Understanding the Page Life Cycle in ASP.NET

The Pre_Render event is triggered next and you can perform any update operations that you require prior to saving the View State and rendering of the web page content. You can perform the update operations on the ready-to-be rendered output in the PreRender event. Use the Pre_Render event to make any last minute changes to the contents of the web page or any of its controls.
The following code snippet illustrates how you can override the OnPreRender() method.
protected override void OnPreRender (EventArgs e)
Page.Trace.Write (“The OnPreRender has been called.”);
//Any custom code
The SaveViewState that is called next saves the View State for the web page and its controls in the hidden field called __viewstate that is associated with every web page. Note that the SaveViewMethod that is associated with the SaveViewState event returns a null reference if there is no view state associated with the control. Refer to the code snippet below that illustrates how you can override the SaveViewState() method.
protected override object SaveViewState ()
Page.Trace.Write (“The SaveViewState method has been called.”);
//Write your custom code here.
return base.SaveViewState();
The rendering event is the next stage in the web page life cycle. This actually is not an event. Rather, it is a state of processing where the Page instance executes this method on all the controls of the web page to eventually render the web page content to the web browser at the client or the requestor side. It makes use of “a text writer that writes its output to the OutputStream of the page’s Response property.” However, it should be noted that prior to rendering the web page, the view state for the web page and all its controls (provided view state for the web page and/or its controls enabled) are saved. You can trap the rendered output and make any changes on it, i.e., adding headers and footers to the rendered page, etc.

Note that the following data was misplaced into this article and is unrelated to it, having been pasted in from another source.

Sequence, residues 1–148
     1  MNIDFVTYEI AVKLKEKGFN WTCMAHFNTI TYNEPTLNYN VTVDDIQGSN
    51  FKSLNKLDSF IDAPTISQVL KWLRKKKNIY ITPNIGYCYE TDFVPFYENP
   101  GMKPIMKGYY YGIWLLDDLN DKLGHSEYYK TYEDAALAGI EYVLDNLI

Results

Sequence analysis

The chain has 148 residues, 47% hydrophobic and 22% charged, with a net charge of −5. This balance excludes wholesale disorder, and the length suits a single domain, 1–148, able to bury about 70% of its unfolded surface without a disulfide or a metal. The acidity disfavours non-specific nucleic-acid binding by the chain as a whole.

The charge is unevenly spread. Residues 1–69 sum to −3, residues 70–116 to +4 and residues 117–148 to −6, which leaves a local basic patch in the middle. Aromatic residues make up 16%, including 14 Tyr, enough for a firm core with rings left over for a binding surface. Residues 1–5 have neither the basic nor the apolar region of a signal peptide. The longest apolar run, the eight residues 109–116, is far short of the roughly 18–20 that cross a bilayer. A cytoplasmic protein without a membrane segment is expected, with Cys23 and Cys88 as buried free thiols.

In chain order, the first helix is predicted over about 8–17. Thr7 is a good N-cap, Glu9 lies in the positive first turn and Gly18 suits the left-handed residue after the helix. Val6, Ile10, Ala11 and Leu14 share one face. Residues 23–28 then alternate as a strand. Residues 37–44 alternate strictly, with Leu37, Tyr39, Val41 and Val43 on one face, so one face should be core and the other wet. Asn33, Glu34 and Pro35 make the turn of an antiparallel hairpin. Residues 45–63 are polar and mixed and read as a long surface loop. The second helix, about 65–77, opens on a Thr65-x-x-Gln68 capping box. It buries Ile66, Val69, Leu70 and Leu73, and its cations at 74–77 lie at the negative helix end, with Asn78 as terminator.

The last stage in the ASP.NET web page life cycle is the Page_UnLoad event. This event is called prior to the disposal of the web page and usually contains the code that is responsible for releasing of resources that were acquired in the earlier stages of the page life cycle. Once this is done, the web browser receives the “HTTP response packet” and the web page is displayed in the web browser. In this method, you can perform typical cleanup activities. According to MSDN, “Unload is called after the page has been fully rendered, sent to the client, and is ready to be discarded. At this point, page properties such as Response and Request are unloaded and any cleanup is performed.” It should be noted that you cannot make any changes to the response stream in this event as the page and its controls have already been rendered.
The web browser now receives the HTTP response packet and displays the same in the web page. This concludes the page life cycle of an ASP.NET web page.
Please refer to the following links for related references on this topic.
This article has had a detailed look at the series of steps that are involved in the page life cycle for an ASP.NET web page. I hope that the readers would find this article useful and I would welcome their comments and suggestions in this regard.]]>

Leave a comment

Your email address will not be published.